2. Sometime I think you don’t read EVERY single word of this blog, Mark ;-0. Then I realise I don’t either. Paul’s explanation is spot on. In the Sun they keep half-pulled pints of Bass in the fridge then top them up when served. No-one has ever dies from banked Bass and complained about it.

      Liked by 1 person

      1. Well I know you’ve always sung the praises of “flat Bass,” which this banked method would surely assist in providing. Sadly I’ve only ever had the keg or bottle version, as it’s all we can get over here. Next time I’m in England I shall have to rectify that!

        Liked by 1 person

      2. Actually, the banked Bass provides the complete opposite of flat Bass, which is just Bass from the barrel with no foamy head!

        The banked version I’ve only seen in that Stockton Sun is more foam than beer!


  4. Guinness in Ireland wasn’t pasteurised until (I think) sometime around 1990 so needed time to settle before the glass could be topped up to a pint. Pubs there would often have a line of partially full glasses behind the bar when they expected custom so could serve people faster. Guinness brought the practise into GB as part of what I would call their ‘brand mythology’. Perhaps Bass has similar characteristics, although I can’t say I’ve noticed – I wouldn’t want to drink a pint half-poured from the day before but no problem if they are selling fast. It might be that Bass can be quite ‘lively’ but could also suggest that not enough time is being allowed for it to settle in the cellar.

    Liked by 1 person

    1. Ian,
      I’m not sure but thought all ‘Draught’ Guinness was pasteurised from about 1960 and it was the nitrogenated dispense needing time to settle before the glass could be topped up to a pint.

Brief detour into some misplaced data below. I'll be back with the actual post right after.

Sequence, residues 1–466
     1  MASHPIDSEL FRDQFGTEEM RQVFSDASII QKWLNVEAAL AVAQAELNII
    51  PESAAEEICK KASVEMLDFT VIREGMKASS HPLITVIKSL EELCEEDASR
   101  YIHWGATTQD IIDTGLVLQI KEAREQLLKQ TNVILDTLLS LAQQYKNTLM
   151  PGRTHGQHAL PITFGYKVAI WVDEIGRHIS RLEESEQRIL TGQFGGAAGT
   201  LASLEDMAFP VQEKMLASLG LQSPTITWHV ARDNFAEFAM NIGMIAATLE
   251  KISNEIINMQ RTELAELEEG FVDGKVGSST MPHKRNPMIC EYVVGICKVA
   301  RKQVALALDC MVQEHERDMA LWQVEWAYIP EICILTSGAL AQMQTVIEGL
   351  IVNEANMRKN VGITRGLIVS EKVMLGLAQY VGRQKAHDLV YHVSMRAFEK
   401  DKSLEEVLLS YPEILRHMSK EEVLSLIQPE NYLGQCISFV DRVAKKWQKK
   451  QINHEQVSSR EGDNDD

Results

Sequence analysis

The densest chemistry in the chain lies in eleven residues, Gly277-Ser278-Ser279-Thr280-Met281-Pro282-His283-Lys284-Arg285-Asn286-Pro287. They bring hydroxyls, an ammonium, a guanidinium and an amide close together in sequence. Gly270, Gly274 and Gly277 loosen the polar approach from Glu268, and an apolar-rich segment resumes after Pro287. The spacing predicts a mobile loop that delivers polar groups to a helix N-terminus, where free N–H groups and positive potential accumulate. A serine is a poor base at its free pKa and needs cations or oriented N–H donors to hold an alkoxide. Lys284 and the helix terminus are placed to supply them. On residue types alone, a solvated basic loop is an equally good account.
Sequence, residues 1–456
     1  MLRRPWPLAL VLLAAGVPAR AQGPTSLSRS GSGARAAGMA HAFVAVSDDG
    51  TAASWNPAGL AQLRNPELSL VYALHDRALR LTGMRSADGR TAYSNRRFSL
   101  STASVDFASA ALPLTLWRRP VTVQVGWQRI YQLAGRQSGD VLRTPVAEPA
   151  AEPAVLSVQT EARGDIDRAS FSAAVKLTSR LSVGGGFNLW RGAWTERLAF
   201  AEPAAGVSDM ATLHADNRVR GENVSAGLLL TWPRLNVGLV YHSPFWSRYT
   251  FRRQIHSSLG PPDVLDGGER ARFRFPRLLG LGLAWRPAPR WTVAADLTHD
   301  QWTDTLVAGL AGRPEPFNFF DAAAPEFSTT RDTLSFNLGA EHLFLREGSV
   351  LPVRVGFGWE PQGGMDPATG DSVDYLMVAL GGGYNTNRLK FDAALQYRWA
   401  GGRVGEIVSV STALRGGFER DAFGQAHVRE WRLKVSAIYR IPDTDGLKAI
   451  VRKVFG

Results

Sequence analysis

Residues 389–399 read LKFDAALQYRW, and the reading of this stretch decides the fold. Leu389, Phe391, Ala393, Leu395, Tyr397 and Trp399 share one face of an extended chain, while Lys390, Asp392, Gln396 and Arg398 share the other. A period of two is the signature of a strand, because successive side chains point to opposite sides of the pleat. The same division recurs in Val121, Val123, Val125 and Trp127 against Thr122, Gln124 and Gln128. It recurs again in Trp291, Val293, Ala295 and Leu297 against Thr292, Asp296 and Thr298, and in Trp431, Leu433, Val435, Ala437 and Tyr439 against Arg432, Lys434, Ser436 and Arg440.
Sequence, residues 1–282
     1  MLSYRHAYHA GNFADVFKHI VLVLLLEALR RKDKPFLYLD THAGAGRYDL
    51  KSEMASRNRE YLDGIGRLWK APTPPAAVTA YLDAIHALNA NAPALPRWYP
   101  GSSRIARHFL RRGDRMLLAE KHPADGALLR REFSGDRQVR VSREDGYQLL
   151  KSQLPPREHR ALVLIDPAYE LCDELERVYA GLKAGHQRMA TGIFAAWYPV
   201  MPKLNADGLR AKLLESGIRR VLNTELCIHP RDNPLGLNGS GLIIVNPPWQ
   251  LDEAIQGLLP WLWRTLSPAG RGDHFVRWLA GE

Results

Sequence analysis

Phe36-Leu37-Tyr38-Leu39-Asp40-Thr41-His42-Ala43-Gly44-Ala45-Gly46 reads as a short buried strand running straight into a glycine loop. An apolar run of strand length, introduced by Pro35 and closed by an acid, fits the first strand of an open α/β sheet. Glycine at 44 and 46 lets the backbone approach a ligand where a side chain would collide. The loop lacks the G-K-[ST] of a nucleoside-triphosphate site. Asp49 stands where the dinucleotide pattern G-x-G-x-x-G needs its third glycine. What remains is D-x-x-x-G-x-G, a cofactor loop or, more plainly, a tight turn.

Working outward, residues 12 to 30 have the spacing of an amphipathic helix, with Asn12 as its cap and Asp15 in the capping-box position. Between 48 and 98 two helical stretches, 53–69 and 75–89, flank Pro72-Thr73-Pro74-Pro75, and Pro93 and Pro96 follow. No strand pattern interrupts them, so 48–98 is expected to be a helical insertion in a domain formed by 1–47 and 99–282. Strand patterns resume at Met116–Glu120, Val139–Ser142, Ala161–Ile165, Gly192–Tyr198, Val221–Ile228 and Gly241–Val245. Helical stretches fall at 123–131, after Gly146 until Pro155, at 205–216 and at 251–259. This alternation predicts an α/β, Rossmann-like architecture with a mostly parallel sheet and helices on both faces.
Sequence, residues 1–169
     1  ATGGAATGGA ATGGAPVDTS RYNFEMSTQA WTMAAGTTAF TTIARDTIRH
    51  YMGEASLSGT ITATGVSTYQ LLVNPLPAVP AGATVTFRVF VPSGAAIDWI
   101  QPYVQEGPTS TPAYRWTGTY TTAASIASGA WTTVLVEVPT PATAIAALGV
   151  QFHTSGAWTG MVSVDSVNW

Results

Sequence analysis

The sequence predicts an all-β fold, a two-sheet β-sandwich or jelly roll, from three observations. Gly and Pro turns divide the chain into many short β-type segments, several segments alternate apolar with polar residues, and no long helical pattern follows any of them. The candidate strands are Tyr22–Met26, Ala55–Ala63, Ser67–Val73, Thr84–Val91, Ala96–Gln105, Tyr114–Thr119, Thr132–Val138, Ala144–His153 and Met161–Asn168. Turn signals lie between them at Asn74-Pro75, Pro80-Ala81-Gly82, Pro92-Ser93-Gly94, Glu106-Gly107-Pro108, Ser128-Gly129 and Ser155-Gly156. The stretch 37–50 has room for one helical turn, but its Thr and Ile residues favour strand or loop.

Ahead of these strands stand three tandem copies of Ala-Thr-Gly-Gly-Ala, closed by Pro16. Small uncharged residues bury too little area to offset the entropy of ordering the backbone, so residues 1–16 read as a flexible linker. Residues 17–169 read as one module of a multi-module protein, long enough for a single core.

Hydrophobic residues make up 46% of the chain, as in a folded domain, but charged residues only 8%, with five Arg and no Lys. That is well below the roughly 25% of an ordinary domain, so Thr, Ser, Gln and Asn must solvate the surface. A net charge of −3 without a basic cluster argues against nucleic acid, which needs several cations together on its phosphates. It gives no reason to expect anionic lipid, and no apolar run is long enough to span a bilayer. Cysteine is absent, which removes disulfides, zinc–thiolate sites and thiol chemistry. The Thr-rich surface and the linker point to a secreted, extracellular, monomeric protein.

Draught Bass was the opposite and there was a time, though maybe not in t’north, when it would be handed back if there was a head on it.


      1. I have a memory from a mid 90s GBG that Guinness had only recently been pasteurised in NW London so suspect Ian is right.

        It tasted TOTALLY different in 1995 in Ireland, that’s for sure.

        Liked by 1 person

      2. Guinness stopped being bottle conditioned about then.
        Their brewery at Park Royal, NW10 closed in 2005.
        I don’t remember the GBG ever concerning itself with ‘Draught’ Guinness.


      1. Mark,
        Yes indeed.
        I always thought that if something needed advertising there must be something wrong with it.
        And I remember hearing comments about Dublin Guinness ( in the northern half of England ) compared to Park Royal Guinness ( for the southern half ) but never knew anyone that could tell the difference.

        Liked by 2 people

      2. You’re almost certainly right, Mark.

        We had a weekend in Wexford years ago and the Guinness was astonishingly creamy, much better than the stuff here. There may be good Guinness in the Irish areas of NW London without real ale